When either Hulk or Oscar was off the field (second graphic below), Wu’s numbers over 47 shots were still well above average, though down about 20 percent: 0.14 expected goals per shot, scoring on 21 percent of shots.


Also note how many more of his shots came from near the goal in the first graphic. With Hulk and Oscar on the field, 14 percent of Wu’s shots came from inside the six-yard box, compared to 8.5 percent with either off the field.

The Brazilian duo has proved to be worth the nine-figure investment, and they appear to have played a key role in Wu’s success. Since 2017, Oscar leads the CSL with both 27 assists and 20.3 expected assists, with Hulk second in both with 24 assists and 17.3 expected assists. Oscar (6.7 assists above expected) and Hulk (6.8) also rank among the league’s top four in exceeding their projected assist totals.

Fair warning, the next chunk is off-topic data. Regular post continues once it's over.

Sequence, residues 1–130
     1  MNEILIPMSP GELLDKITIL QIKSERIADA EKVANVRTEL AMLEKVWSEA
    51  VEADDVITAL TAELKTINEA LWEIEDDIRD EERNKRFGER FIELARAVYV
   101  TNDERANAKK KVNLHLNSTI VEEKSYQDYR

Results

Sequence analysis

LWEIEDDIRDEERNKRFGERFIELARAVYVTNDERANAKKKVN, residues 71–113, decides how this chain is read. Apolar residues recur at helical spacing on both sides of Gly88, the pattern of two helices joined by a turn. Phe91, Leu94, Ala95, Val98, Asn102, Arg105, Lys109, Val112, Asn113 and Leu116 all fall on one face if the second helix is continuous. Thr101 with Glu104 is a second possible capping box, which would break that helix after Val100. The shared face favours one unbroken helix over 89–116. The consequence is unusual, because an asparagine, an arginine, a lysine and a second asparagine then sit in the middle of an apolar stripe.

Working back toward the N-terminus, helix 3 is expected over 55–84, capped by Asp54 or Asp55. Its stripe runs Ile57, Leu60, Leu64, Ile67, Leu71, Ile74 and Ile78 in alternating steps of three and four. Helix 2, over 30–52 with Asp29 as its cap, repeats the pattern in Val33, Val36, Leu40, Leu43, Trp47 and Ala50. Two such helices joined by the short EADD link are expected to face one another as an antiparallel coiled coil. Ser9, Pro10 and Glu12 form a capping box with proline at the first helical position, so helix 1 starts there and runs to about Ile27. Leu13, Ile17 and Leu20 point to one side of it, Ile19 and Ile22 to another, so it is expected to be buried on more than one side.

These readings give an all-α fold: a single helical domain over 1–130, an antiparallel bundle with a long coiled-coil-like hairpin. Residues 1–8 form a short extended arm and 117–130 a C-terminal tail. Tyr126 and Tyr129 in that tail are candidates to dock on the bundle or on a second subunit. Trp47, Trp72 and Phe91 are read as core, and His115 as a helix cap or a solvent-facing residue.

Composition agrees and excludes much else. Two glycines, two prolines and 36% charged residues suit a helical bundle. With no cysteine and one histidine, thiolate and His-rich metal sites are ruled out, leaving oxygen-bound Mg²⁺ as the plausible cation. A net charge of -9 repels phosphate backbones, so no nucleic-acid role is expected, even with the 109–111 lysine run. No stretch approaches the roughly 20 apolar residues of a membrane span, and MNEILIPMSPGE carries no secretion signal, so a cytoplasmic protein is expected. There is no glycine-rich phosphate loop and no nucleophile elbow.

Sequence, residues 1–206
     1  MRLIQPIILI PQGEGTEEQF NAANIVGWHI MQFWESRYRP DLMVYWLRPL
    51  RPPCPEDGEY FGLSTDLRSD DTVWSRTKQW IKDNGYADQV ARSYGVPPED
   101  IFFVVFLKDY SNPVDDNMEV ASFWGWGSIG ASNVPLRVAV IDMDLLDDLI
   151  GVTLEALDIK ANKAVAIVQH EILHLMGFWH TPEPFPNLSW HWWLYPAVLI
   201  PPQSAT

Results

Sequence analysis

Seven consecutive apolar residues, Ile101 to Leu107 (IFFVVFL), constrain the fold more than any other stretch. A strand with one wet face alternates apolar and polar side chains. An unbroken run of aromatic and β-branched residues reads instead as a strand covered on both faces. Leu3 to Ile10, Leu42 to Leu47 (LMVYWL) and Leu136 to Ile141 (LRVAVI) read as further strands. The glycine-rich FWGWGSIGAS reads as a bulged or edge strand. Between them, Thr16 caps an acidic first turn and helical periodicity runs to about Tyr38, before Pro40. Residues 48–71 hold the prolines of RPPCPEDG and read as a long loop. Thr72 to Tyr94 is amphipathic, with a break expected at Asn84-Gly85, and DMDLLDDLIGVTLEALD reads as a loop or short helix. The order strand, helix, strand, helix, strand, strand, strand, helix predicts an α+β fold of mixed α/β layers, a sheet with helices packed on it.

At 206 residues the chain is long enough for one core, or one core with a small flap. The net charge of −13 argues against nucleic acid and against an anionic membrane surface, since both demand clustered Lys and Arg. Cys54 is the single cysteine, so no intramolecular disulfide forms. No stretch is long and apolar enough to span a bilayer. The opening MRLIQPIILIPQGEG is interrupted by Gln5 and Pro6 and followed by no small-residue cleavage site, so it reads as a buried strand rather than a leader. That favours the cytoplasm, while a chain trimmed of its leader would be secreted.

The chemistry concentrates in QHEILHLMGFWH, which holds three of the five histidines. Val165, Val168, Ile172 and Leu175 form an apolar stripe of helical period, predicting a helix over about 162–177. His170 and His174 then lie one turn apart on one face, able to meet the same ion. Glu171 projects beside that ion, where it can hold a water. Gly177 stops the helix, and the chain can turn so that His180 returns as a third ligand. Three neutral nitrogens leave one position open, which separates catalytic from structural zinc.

Wu’s total assists from the past two seasons (16) exceeded his xA (7.5) by 8.5, which is the largest margin of any player in the CSL. 38 of his 54 chances created were to Hulk and Oscar, who scored seven goals on 2.9 expected goals’ worth of shots.

As a shooter, Wu’s propensity to exceed his projected goals total seems to be replicated by SIPG’s other primary forward, Elkeson. The 29-year-old Brazilian won two Golden Boots with Guangzhou Evergrande before joining SIPG, and he has 28 goals for SIPG over the past three league seasons, scoring every 176 minutes while demolishing his expected-goals total of 15.6.

Can Wu replicate his output in La Liga?

League-to-league translations are difficult, with so few players leaving the CSL for top European leagues. At the least, the CSL’s scoring environment is worth considering when setting expectations for Wu.